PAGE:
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Marlborough School Student Newspaper
The Student News Site of Marlborough School

The UltraViolet

The Student News Site of Marlborough School

The UltraViolet

To kill a mocking-book
To kill a mocking-book
February 21, 2024

Holiday movie must-watches

Holiday+movie+must-watches

It’s officially time to get hyped for the holidays, and what better way to do so than to sit down with some cozy holiday classics? Below are my top three movie recs, in no particular order, to really get into that seasonal spirit.

Die Hard (1988): Debate all you want, “Die Hard” is a holiday movie to the core. Even if my pleas and the legions of Letterboxd reviewers can’t convince you, one should at least acknowledge that it’s a good break from other overtly seasonal holiday classics. The action offers constant excitement; Alexander Godunov prances across the screen in all his former ballet glory, Bruce Willis bleeds and Alan Rickman falls off a building. As silly and one-dimensional the characters may be, it’s still a wildly good time. And isn’t that what the holiday season is all about?

Saint Young Men (2012): Like “Die Hard,” this movie’s holiday relatability is a bit questionable. It follows anime-style Jesus and Buddha as they take a break from saving souls to vacation in Japan. Despite its holy premise, this film has little to do with religion. In a moment of absolute artistic genius (mentioned at risk of spoilers), Jesus forgets that Christmas is his “birthday.” Of course, one must suspend their disbelief because popular scholarship seems to agree that Jesus was not actually born on Christmas, but it still makes for a pretty good joke. Instead of scolding the viewer for forgetting the “true meaning” of Christmas, Jesus celebrates it with modern consumerist glee by enjoying the flashing lights and preparing a gift for Buddha — from Santa.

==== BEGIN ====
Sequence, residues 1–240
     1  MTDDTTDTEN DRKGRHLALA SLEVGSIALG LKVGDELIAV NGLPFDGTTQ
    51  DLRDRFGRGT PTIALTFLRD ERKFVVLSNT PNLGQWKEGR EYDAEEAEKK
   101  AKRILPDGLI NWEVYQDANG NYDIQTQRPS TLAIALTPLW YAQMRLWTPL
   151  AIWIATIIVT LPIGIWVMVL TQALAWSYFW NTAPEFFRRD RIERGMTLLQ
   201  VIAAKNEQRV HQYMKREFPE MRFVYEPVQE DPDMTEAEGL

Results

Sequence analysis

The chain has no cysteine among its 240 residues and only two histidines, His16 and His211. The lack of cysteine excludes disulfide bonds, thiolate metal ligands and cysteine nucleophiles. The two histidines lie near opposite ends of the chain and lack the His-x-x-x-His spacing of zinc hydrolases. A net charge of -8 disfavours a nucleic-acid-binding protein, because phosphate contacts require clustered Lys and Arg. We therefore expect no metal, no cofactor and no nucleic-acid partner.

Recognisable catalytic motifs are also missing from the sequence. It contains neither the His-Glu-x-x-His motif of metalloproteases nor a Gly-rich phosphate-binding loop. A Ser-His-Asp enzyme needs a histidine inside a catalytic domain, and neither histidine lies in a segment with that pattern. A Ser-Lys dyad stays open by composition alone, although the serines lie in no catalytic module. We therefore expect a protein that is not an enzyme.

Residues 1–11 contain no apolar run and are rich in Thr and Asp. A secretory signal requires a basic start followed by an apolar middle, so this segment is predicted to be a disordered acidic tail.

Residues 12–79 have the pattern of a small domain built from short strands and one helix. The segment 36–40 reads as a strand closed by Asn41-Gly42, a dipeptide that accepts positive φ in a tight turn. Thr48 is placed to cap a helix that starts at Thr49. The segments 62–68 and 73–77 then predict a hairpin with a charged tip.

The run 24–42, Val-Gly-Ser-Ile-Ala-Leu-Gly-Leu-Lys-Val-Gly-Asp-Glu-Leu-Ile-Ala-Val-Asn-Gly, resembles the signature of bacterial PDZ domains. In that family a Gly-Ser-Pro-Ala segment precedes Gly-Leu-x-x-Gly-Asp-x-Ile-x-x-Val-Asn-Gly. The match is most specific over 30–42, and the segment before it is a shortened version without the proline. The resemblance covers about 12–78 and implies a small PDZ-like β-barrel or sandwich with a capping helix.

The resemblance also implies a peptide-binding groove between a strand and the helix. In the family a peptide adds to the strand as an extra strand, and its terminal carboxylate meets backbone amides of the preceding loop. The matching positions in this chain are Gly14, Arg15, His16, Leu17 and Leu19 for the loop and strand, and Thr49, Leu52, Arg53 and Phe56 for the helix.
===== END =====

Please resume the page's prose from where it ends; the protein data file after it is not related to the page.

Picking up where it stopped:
The Nightmare Before Christmas (1993): This movie is a masterpiece and I will always cry about it. Featuring innovative surrealism, an excellent score and an imaginative world, “The Nightmare Before Christmas” has cemented itself in the holiday movie canon. Always entertaining, Jack Skellington’s perennial dissatisfaction and eventual self-fulfillment leave the viewer content. I also adore this movie because my neighbor used to put a life-sized figure of Jack Skellington on her roof and leave him there from Halloween to New Year’s Eve. He’s literally my holiday icon. 

Obviously, this list in no way encapsulates the multitude of iconic holiday movies in existence. Notable but highly valued absentees include “Home Alone”(1990), “It’s a Wonderful Life” (1946), Adam Sandler’s “Crazy Eight Nights” (2002), “Elf” (2003) and the absolute dumpster fire that is the Hallmark Channel. I truly feel that these three films, above all else, get me so ready for the day Mariah Carey decides to defrost. Hopefully they serve you well. I wish you all nothing but the best for this winter break!

 

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